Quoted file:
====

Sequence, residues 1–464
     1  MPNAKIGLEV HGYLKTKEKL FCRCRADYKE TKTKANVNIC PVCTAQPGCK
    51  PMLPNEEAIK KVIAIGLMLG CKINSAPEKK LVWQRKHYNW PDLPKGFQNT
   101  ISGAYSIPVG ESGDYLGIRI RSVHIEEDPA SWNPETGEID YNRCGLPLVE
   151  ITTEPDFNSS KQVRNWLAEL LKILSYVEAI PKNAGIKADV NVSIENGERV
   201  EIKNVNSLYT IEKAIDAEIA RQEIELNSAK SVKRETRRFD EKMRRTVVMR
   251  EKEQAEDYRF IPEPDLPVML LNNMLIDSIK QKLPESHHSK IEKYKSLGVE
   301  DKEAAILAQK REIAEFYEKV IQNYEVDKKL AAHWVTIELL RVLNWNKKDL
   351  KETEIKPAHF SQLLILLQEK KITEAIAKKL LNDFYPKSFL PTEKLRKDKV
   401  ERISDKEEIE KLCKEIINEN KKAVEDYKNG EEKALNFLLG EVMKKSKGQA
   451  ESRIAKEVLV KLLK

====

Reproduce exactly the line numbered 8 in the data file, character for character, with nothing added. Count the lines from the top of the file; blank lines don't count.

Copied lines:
   301  DKEAAILAQK REIAEFYEKV IQNYEVDKKL AAHWVTIELL RVLNWNKKDL